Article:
Citation: Huitt, W. (2008, November). A successful lifestyle: The
relationship of time and money. Educational Psychology Interactive.
Valdosta: GA: Valdosta State University. Retrieved [date] from
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A major concept of the Becoming a Brilliant Star framework is that successful adulthood requires the development of competencies in a variety of areas. In the post-modern world of the 21st century, the relationship of time and money must be given ample attention. Not enough of either leaves something to be desired.
There is a general formula for achieving a successful lifestyle in terms of time and money:
Opportunity + Education + (Work * Attitude) = Results --> Lifestyle
Simply stated, this formula proposes there must first exist an opportunity to generate income. A person must then acquire the knowledge, attitudes, and skills necessary to see and take advantage of the opportunity. Next, one must expend energy or work to apply the knowledge and skills with the correct attitude. If the correct effort is made consistently, long enough, and with the right attitude, the opportunity will produce the expected (although not necessarily the desired) results. A lifestyle will then be developed in terms of time and money.
When considering opportunity, there are four common ways to develop income (Kiyosaki & Lechter, 2000a). The first two require investing time for dollars as either an employee or a self-employed professional or business owner. This is the traditional method most people use, at least to get started (Bridges, 1994). Either people have a job or own a traditional business where a product or service is developed that is made or sold using one's time. Unfortunately, as most people find out, the more successful one becomes in terms of money, the less successful the person becomes in having free time. In addition, most people are finding that the rapid pace of change means they have to constantly invest in developing new knowledge and skills just to stay in business or a job.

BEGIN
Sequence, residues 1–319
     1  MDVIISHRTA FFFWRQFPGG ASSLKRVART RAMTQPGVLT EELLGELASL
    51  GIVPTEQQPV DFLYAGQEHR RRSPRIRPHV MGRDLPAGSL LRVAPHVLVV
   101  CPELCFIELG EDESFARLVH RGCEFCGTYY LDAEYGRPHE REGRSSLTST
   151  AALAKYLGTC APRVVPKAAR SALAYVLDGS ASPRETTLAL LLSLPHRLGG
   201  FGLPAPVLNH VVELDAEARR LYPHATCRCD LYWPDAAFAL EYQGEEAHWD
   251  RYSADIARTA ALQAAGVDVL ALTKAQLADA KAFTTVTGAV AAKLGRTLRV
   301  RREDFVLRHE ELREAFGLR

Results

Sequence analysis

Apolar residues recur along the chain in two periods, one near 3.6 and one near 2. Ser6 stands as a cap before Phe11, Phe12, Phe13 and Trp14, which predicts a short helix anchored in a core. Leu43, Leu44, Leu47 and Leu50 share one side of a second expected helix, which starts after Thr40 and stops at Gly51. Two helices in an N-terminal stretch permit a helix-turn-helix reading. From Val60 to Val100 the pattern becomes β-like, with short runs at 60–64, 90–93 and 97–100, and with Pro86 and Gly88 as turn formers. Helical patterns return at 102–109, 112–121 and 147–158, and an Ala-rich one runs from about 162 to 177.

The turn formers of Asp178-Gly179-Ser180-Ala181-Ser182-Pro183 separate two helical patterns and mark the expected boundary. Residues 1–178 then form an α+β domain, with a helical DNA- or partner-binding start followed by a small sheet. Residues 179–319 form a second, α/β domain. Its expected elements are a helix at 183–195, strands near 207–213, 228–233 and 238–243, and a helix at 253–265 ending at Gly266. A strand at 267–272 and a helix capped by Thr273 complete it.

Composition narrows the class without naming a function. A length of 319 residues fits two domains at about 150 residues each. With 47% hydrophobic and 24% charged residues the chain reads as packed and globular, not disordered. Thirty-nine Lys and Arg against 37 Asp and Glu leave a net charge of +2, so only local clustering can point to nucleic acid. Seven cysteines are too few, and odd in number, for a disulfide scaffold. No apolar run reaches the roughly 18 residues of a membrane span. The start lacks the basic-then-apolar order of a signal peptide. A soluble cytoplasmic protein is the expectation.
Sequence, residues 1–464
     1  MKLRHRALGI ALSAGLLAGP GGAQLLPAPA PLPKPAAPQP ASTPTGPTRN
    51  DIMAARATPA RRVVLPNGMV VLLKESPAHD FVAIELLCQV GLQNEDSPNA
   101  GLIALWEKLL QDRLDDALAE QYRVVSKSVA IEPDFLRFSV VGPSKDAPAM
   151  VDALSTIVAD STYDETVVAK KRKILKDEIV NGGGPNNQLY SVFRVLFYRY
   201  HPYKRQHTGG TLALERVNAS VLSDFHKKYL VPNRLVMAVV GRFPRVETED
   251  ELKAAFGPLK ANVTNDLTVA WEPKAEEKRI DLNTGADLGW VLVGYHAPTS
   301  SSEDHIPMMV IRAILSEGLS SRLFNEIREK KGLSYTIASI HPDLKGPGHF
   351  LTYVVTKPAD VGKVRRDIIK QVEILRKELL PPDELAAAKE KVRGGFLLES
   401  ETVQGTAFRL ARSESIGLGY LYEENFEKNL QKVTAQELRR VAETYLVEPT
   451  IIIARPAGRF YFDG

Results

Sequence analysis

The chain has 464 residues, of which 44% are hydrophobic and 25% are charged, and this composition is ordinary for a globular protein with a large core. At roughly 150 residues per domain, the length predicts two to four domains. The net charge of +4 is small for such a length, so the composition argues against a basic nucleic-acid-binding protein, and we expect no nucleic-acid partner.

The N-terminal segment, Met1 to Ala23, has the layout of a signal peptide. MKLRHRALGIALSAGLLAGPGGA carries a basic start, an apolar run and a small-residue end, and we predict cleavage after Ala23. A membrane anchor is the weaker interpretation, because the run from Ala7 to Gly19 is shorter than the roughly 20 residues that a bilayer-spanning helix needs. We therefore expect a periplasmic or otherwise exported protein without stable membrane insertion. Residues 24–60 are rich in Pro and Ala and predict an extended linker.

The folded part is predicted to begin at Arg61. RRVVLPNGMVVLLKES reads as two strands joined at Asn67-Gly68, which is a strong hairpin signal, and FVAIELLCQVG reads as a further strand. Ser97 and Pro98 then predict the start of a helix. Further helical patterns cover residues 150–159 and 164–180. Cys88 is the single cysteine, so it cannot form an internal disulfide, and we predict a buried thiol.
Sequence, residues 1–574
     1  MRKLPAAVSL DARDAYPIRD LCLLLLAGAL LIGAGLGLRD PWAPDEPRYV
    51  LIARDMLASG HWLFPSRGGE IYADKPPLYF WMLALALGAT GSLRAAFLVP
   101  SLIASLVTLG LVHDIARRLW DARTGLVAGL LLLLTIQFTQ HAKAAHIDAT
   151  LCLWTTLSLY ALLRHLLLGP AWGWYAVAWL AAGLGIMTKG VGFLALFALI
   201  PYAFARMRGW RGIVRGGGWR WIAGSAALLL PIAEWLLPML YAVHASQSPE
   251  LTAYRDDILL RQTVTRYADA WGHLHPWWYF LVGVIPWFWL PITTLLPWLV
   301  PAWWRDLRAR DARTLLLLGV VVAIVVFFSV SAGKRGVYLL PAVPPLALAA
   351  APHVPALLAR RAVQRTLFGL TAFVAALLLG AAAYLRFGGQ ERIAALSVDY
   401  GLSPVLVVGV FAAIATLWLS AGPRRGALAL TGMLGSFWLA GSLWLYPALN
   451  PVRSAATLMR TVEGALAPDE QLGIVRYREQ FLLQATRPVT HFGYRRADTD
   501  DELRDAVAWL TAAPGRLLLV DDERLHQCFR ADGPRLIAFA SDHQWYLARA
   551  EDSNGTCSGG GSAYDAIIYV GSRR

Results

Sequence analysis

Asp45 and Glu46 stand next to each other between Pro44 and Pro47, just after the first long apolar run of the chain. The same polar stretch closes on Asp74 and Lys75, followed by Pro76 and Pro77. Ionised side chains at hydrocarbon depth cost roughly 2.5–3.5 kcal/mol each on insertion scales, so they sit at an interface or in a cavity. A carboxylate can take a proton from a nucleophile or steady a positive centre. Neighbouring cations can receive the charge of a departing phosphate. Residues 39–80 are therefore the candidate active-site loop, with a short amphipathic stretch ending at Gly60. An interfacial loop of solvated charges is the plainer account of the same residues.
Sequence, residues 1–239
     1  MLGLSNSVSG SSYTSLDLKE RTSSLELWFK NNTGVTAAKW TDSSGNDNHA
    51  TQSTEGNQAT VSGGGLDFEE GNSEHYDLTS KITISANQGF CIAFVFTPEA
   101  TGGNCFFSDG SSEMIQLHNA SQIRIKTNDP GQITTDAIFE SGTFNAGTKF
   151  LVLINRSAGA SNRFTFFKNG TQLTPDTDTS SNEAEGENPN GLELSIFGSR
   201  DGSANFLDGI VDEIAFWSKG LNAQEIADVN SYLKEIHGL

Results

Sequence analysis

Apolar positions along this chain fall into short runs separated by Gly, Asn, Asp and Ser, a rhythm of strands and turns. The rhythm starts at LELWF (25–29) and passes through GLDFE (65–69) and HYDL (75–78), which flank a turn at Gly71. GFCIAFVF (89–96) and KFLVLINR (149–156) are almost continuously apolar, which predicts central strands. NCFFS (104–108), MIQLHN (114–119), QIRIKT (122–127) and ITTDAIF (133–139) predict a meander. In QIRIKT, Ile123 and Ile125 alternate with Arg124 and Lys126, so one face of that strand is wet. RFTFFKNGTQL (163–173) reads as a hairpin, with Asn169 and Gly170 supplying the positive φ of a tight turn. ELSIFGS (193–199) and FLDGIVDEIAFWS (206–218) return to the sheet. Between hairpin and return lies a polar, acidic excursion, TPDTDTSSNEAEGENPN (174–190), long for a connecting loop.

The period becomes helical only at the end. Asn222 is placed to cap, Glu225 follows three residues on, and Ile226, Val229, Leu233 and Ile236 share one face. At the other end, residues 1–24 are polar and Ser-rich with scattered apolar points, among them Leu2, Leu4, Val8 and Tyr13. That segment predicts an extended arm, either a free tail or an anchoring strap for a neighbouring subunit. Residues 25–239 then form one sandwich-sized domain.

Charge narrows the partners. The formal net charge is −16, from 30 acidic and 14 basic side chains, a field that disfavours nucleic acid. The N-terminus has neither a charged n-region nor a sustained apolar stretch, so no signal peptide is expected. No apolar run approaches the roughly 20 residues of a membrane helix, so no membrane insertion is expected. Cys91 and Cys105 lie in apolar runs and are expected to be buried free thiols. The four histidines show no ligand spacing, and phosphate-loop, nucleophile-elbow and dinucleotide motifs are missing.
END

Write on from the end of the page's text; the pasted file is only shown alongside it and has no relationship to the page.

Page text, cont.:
A third method of acquiring financial wealth is to take some of the money one earns and invest it. This allows money to make money and if successful, this will provide both time and money. There are a wide variety of companies that have been developed to help people make wise investment choices. While this can work, most people are not taking advantage of this opportunity. Recent figures show that the average 53-year-old in the United States has only $2300 in savings and investments (Kiyosaki, & Lechter, 2000a).
A fourth method for developing financial success is to duplicate one's time and money. J. Paul Getty, the great oil magnate, said he would rather have 1% of a 100 men's efforts than 100% of one man's effort. If one owns a business that operates on a system rather than one's own efforts, it is possible to expand one's net wealth rather substantially as it increases in value. This method has been used by Bill Gates (Microsoft) and Sam Walton (Wal-Mart) to become billionaires in just a few short years. Paul Zane Pilzer (1990), an economist and entrepreneur, believes the most lucrative business opportunities during the next several decades will be in the area of distribution rather than in acquisition of raw materials or manufacturing as was the case during the first half of the 20th century. Successful franchisers such as Ray Kroc (McDonald's) and Dave Thomas (Wendy's) used this approach to achieve financial success. Entrepreneurs such as Rich DeVos and Jay Van Andel (Amway) and Blake Roney (Nu Skin) used network marketing to catapult themselves to the top of the list of wealthy people in the United States.